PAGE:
CASE NAMES Tan Eng Hong v Attorney General & Lim Meng Suang and Kenneth Chee Mun-Leon v Attorney General
COUNTRY                                      Singapore
COURT/   TRIBUNAL    Court of Appeal of the Republic of Singapore
STATUS Judgment delivered 29 October 2014 dismissing the appeals and finding that criminalising gay men does not violate the Constitution (HDT press release)


Mr Tan was arrested and charged under Singapore’s ‘gross indecency’ law in 2010 and mounted a challenge to the constitutionality of that provision. Mr Lim and Mr Chee, a gay couple, have never been charged but brought a separate challenge in 2012 alleging that the mere existence of the gross indecency law violates their fundamental rights. Both cases were dismissed by the High Court in early 2013, and appeals were lodged with the Court of Appeal. The Court of Appeal dismissed the appeals on 29 October 2014.

Case Details

Singapore’s law criminalising all male homosexual intimacy derives from an amendment to the British colonial Penal Code in 1938 which enacted s.377A, criminalising ‘male gross indecency’ with a maximum sentence of two years imprisonment. The provision was intended to strengthen and complement an earlier colonial law, s. 377, which criminalized ‘carnal intercourse against the order of nature’, capturing any sexual conduct whether homosexual or heterosexual that was not penile-vaginal sex.

Section 377 was repealed by Parliament in 2007 on the basis that Singaporeans no longer had any issue with oral or anal sex between heterosexuals. However, Parliament left s. 377A on the books so that all male homosexual conduct would continue to be criminalised. Thus, all heterosexual and all female homosexual conduct is legal in Singapore, but male homosexual conduct is illegal regardless of age, consent and location.

Mr Tan is an adult male who was directly impacted by the existence of the gross indecency law after having been arrested and charged under it in 2010. The charge under s. 377A was later changed to one of public obscenity, a provision that does not discriminate on the basis of the sex or sexual orientation of the parties involved. However, Mr Tan was permitted by the Singapore Court of Appeal to continue his constitutional challenge against s. 377A on the basis that he had been detained under an arguably unconstitutional law and should be allowed to have that unconstitutionality tested in the courts. He argues that this provision discriminates against male homosexuals by making all consensual sexual conduct between adult men, even in private, a criminal offence.

Mr Lim and Mr Chee are an adult gay couple who brought a separate action in 2012 challenging s. 377A, even though they have never been charged under it, on the basis that the provision stigmatises them as gay men and renders them ‘unapprehended felons’ simply for being who they are.

The Attorney General of Singapore defended s. 377A in both cases, claiming that it accords with Singaporean society’s views about male homosexuality and that it is up to Parliament to determine whether to repeal the provision.

The two cases were heard separately by the High Court in 2013 and both were dismissed, with the Court holding that the courts must show deference to Parliament on issues of social policy. Both Mr Tan and Mr Lim and Mr Chee appealed those decisions, and the two appeals were joined and heard by the Court of Appeal on 14-15 July 2014. The judgment of the Court was delivered on 29 October 2014, dismissing the appeals. The Court found that it could not act as a ‘mini-legislature’ and that equality before the law and equal protection of the law effectively do not protect LGBTI people, or indeed women, in Singapore. It held that changes to the law are up to the Legislature..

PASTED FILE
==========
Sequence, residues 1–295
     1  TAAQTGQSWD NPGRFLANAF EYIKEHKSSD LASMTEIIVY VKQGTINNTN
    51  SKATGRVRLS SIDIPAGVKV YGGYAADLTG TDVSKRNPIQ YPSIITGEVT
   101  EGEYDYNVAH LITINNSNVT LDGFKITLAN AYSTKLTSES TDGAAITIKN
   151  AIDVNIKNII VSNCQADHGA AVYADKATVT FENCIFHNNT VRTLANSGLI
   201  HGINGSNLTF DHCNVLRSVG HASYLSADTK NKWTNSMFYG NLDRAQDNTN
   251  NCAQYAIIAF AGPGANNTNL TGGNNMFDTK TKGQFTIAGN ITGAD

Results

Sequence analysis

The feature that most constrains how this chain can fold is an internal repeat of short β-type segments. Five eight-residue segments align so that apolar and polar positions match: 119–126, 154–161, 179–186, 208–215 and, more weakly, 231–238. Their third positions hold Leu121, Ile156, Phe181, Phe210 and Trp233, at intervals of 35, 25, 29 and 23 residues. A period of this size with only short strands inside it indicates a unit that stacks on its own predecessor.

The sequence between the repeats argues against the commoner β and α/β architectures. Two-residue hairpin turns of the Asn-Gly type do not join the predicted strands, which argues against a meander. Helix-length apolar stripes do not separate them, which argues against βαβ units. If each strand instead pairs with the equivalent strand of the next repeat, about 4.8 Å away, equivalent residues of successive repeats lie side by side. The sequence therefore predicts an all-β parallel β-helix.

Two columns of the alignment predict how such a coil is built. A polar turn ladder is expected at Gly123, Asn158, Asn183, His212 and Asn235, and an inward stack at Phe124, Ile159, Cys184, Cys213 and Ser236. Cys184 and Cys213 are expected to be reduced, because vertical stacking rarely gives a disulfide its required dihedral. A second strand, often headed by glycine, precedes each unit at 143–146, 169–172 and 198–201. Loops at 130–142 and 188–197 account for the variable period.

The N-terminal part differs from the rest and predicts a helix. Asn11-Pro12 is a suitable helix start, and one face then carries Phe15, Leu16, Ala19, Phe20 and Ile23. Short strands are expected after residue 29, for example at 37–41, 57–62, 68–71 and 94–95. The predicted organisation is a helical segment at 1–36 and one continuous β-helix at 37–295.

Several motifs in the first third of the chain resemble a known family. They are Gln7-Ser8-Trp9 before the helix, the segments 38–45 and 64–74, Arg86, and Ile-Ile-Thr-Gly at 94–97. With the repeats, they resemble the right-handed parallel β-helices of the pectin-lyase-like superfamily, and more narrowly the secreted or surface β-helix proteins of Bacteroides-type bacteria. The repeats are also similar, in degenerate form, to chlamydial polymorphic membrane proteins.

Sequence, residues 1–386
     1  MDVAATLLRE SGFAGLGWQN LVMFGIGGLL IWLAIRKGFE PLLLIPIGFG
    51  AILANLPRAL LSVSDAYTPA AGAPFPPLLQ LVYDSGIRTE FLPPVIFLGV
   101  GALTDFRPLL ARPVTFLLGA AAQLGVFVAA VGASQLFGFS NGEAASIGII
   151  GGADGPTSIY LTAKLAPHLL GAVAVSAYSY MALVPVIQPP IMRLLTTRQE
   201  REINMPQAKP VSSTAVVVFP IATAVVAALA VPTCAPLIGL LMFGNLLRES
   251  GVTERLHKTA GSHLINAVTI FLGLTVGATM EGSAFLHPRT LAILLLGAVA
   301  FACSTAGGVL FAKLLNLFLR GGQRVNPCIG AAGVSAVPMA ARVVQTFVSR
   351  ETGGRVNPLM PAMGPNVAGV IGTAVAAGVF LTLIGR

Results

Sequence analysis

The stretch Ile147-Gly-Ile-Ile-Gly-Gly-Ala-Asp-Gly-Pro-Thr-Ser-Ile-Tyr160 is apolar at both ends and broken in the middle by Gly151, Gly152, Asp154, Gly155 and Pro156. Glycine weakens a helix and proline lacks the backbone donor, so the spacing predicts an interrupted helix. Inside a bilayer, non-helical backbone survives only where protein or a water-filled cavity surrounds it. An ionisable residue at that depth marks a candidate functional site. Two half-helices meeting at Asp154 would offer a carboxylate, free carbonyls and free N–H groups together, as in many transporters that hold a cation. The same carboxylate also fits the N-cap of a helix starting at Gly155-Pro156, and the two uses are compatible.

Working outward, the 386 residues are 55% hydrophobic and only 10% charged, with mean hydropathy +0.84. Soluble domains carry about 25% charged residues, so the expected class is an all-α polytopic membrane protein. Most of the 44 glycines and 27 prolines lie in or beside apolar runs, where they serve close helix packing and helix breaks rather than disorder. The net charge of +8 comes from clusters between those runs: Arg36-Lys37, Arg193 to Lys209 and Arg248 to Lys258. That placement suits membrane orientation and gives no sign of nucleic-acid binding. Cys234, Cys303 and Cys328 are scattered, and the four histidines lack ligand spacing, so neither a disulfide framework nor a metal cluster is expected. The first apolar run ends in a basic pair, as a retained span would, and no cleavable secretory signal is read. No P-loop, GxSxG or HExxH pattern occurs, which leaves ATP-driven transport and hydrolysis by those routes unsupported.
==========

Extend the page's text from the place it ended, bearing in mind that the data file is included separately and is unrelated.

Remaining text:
Applicable Law

The Appellants argued that s. 377A violates certain fundamental rights guaranteed in the Singaporean Constitution, which exist to protect the rights of all citizens including minority groups. These include:

RIGHTS PROVISIONS                  
Right to life and personal liberty Article 9
Right to equality before the law and equal protection of the law Article 12


Relief Sought

The Appellants sought a declaration that s. 377A violates the Constitution at least to the extent that it criminalises consensual sexual conduct between adult males in private. The Court of Appeal was being asked either to strike out s. 377A in its entirety or to ‘read down’ the provision so that, at a minimum, it could no longer be applied to consensual conduct in private between adult men. They argued that other, properly criminalised conduct such as non-consensual sex, sex with minors and public acts are already covered under other provisions of the Penal Code that apply to all citizens regardless of sex or sexual orientation.

The Process

The Court of Appeal heard the two appeals together on 14 and 15 July 2014. A judgment was delivered on 29 October 2014. This is the final appellate court in Singapore and thus the decision of the Court is final.

The Human Dignity Trust’s Role

The Human Dignity Trust provided pro bono technical legal assistance to the Appellants’ local counsel in both cases. The Trust’s Legal Panel member Debevoise & Plimpton LLP, led by Lord Goldsmith QC, assisted Mr Lim’s and Mr Chee’s local Singaporean lead counsel, Deborah Barker SC.

The Trust’s then Chair, Tim Otty QC, led a team from Blackstone Chambers which assisted Mr Tan’s local Singaporean lead counsel, Ravi Madasamy.

Related Links



Country profile of Singapore. LGBT people are criminalised under the Penal Code 2008.

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